Summary of Photoreception
Transcript for Photoreception
Content Reviewers:Rishi Desai, MD, MPH, Yifan Xiao, MD, Evan Debevec-McKenney, Royce Rajan, MD, MBA
Photoreception is the process that describes how photoreceptors like rods and cones absorb light waves that enter the eye and convert them into electrical signals which are then sent to the brain for visual processing.
Photoreceptors are located in the retina, which is a light sensitive neural layer of tissue at the back of the eye.
The retina itself is composed of ten of its own distinct layers.
Moving from the deepest layer of the retina, from posterior to anterior, the layers are as follows: the pigment epithelium, the photoreceptor layer, the outer limiting membrane, the outer nuclear layer, the outer plexiform layer, the inner nuclear layer, the inner plexiform layer, the ganglion cell layer, the nerve fiber layer, and finally the inner limiting membrane.
Since the inner limiting membrane and nerve fiber layer are the most anterior portions of the retina, you would think that as light enters the eye it would hit these layers first.
However, light actually travels right past all the retinal layers until it comes into contact with the deepest layer of the retina, the pigmented layer.
So let’s trace the pathway of a visual impulse as it travels from the pigmented layer, all the way through to the nerve fiber layer and eventually to the brain.
The first layer, the pigmented layer is only a single-cell thick and is the layer closest to the choroid, the vascular portion of the eye just posterior to the retina.
The pigmented layer contains epithelial cells which absorb light so it doesn’t scatter within the eye.
The second layer, the photoreceptor layer contains photoreceptors.
Photoreceptors are specialized neurons that detect light and when they depolarize, they send visual impulses in the form of electrical signals to the brain.
The third layer is the outer limiting membrane which sits at the base of the photoreceptor cells and provides mechanical support to the retina, helping it to maintain its structure.
The fourth layer of the retina is called the outer nuclear layer and it’s made up of the cell body and nuclei of the photoreceptor cells.
The axons of these photoreceptors extend into layer five, the outer plexiform layer where they synapse with the dendrites of interneurons like bipolar cells.
Next, is the sixth layer, the inner nuclear layer which is composed of the cell bodies of interneurons, which connect the outer and inner plexiform layer.
The seventh layer is the inner plexiform layer which is where the axons of the interneurons synapse with the dendrites of ganglion cells.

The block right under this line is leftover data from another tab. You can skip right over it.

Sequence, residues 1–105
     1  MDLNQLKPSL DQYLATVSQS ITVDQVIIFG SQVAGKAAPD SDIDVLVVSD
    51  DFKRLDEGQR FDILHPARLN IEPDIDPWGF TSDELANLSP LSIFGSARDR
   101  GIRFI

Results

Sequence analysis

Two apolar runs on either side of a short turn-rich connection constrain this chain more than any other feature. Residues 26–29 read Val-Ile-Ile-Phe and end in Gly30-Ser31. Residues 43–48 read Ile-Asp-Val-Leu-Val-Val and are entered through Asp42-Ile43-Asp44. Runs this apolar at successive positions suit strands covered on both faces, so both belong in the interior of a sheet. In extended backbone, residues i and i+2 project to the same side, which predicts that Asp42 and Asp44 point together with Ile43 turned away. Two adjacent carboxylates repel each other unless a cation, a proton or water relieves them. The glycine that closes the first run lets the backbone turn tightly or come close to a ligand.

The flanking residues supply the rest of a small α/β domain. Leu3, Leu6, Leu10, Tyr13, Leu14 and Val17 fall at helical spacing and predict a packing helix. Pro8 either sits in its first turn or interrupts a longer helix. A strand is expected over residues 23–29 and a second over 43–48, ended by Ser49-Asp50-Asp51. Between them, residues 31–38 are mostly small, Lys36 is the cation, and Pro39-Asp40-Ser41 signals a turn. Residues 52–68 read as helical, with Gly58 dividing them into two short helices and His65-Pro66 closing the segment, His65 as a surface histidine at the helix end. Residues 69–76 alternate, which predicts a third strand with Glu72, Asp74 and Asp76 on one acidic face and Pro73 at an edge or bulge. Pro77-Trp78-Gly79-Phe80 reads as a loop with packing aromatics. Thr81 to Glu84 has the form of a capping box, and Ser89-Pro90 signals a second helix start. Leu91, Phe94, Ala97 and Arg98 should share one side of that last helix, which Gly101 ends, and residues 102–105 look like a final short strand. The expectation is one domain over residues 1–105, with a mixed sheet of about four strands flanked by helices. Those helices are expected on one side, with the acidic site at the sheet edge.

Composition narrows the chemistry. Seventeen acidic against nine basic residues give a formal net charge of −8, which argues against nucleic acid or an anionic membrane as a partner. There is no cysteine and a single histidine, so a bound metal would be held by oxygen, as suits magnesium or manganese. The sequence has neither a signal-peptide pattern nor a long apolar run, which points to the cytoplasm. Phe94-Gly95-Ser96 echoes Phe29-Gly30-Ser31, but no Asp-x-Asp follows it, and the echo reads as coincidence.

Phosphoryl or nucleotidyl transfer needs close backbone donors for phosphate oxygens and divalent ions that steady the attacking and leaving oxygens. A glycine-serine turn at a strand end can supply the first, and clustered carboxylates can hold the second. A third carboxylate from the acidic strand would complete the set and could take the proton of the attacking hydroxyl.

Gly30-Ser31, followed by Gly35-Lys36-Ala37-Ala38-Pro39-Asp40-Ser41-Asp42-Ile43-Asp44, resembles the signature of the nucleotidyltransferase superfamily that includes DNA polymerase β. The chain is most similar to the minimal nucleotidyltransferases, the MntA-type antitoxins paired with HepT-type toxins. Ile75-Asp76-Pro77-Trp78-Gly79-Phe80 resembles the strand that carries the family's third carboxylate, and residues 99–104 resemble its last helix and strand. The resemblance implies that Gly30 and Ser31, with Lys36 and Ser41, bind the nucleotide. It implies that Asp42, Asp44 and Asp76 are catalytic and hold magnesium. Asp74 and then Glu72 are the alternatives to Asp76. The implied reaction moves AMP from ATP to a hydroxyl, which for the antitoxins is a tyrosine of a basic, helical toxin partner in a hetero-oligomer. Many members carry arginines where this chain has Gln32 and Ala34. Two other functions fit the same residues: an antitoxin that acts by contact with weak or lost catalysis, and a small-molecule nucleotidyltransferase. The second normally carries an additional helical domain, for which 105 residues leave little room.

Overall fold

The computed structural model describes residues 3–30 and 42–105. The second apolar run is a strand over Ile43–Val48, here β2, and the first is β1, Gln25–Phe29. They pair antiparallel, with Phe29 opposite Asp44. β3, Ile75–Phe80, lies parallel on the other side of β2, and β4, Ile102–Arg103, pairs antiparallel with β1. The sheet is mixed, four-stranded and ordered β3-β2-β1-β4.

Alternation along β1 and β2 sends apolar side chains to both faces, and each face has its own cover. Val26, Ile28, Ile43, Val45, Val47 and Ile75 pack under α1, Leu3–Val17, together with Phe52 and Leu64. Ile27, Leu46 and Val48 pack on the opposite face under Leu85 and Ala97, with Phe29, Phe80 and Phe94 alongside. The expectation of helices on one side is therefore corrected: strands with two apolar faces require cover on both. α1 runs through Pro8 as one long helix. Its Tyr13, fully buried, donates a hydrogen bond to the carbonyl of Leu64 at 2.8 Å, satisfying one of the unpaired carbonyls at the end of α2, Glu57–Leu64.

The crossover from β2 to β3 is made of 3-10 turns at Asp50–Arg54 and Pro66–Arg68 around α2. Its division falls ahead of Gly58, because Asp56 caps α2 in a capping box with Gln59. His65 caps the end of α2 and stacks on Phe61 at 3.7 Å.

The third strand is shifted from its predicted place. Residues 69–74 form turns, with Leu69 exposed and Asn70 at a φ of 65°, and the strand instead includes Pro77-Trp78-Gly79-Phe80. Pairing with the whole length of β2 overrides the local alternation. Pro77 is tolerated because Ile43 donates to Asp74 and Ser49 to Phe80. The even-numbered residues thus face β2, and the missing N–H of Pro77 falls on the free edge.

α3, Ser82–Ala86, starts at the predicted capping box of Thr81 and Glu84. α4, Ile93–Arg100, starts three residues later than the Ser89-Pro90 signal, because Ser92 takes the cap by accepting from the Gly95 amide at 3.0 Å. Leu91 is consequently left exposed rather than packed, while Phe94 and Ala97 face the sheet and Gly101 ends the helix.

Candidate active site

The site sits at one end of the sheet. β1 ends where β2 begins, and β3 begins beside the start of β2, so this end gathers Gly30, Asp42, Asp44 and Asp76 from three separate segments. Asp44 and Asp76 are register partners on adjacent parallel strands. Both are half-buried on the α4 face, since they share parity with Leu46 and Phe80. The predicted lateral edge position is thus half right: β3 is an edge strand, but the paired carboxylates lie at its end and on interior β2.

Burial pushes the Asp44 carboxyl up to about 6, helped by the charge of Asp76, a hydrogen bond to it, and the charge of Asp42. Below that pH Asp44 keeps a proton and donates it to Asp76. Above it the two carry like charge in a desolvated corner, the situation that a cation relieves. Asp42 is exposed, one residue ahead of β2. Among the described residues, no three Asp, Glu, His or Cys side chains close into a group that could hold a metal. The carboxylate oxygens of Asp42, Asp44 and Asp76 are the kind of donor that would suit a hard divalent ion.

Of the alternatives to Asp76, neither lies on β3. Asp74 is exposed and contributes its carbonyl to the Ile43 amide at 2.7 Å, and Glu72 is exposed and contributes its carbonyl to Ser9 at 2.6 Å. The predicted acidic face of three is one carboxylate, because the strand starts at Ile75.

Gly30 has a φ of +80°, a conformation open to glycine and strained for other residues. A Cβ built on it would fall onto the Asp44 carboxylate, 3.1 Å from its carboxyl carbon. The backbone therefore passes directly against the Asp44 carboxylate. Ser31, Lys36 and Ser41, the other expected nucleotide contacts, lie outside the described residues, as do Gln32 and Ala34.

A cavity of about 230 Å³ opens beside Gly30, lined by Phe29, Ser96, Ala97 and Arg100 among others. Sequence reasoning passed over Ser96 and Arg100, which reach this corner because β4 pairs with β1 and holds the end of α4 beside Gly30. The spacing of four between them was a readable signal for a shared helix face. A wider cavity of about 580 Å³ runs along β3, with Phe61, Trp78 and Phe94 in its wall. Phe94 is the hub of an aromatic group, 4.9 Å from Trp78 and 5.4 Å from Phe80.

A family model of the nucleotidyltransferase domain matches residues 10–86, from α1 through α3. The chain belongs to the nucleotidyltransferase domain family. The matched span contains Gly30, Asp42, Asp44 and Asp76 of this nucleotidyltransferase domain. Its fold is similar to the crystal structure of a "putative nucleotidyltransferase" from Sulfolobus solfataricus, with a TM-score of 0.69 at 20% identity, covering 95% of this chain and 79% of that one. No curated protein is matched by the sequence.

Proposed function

The eighth layer is the ganglion cell layer which is where the ganglion cell bodies reside.
The nerve fiber layer is the ninth layer and is where the axons of these ganglion cells are located. These axons travel to the posterior center of the retina and exit the eye through the optic disc to form the optic nerve or cranial nerve II. The optic nerve then carries this visual information to the brain.
The tenth, and last remaining layer of the retina is the inner, or internal limiting membrane, and it simply serves as a membrane separating the rest of the retina from the gel-like vitreous humor the fills the inside of the eyeball.
Now, let’s take a closer look at the photoreceptors which are either rods or cones.
Both rods and cones are modified neurons that depolarize when they absorb light, and send neural impulses that trigger a relay of neurons that deliver that impulse to the brain.
Photoreceptors have three main segments. They have an outer segment, which is the portion of the receptor that detects light and an inner segment that contains the cell body. Thirdly, photoreceptors have a synaptic terminal which connect the photoreceptor to interneurons, like bipolar cells, that help propagate the signal to the optic nerve.
Let’s take a look at rods, which are mostly located in the periphery of the retina.
The outer segment of rods have folds of cell membrane that form disks, like the pleats on a curtain. These disks are covered by a dense concentration of a protein called rhodopsin which gets activated by light.
Rods have lots of rhodopsin so they’re highly sensitive to light and it only takes a single photon of light to activate a rod. That’s why rods allow us to see even in dim lighting conditions, like at night.
Rhodopsin doesn’t differentiate between different wavelengths of light, so it only allows for black and white vision.
Next up are cones which are concentrated at the fovea, a small depression in the posterior retina, and make the fovea the area of highest visual acuity.
Like rods, cones also have folds of cell membrane that form disks, but unlike rods which are shaped like a cylinder, the outer segment of a cone is shaped like an ice cream cone.